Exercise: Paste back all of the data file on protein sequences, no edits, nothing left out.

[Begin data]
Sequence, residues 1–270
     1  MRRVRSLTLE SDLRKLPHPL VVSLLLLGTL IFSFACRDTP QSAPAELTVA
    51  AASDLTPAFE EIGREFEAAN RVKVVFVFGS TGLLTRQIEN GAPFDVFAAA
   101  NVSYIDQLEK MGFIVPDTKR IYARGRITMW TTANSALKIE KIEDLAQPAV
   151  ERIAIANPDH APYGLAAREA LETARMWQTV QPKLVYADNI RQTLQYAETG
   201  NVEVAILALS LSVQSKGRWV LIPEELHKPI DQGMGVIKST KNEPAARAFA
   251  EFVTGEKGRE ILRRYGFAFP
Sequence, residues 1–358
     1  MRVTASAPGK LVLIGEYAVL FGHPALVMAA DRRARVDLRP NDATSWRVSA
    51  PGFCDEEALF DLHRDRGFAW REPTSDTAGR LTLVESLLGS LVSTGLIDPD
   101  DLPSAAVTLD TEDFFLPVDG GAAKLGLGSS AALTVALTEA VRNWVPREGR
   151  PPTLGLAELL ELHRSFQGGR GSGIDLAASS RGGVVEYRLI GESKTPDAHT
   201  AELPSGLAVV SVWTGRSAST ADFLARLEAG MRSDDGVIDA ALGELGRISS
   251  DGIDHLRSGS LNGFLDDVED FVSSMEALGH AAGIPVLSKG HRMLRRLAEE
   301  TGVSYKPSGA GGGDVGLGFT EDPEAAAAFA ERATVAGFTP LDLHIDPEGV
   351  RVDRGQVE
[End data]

Sequence, residues 1–270
     1  MRRVRSLTLE SDLRKLPHPL VVSLLLLGTL IFSFACRDTP QSAPAELTVA
    51  AASDLTPAFE EIGREFEAAN RVKVVFVFGS TGLLTRQIEN GAPFDVFAAA
   101  NVSYIDQLEK MGFIVPDTKR IYARGRITMW TTANSALKIE KIEDLAQPAV
   151  ERIAIANPDH APYGLAAREA LETARMWQTV QPKLVYADNI RQTLQYAETG
   201  NVEVAILALS LSVQSKGRWV LIPEELHKPI DQGMGVIKST KNEPAARAFA
   251  EFVTGEKGRE ILRRYGFAFP
Sequence, residues 1–358
     1  MRVTASAPGK LVLIGEYAVL FGHPALVMAA DRRARVDLRP NDATSWRVSA
    51  PGFCDEEALF DLHRDRGFAW REPTSDTAGR LTLVESLLGS LVSTGLIDPD
   101  DLPSAAVTLD TEDFFLPVDG GAAKLGLGSS AALTVALTEA VRNWVPREGR
   151  PPTLGLAELL ELHRSFQGGR GSGIDLAASS RGGVVEYRLI GESKTPDAHT
   201  AELPSGLAVV SVWTGRSAST ADFLARLEAG MRSDDGVIDA ALGELGRISS
   251  DGIDHLRSGS LNGFLDDVED FVSSMEALGH AAGIPVLSKG HRMLRRLAEE
   301  TGVSYKPSGA GGGDVGLGFT EDPEAAAAFA ERATVAGFTP LDLHIDPEGV
   351  RVDRGQVE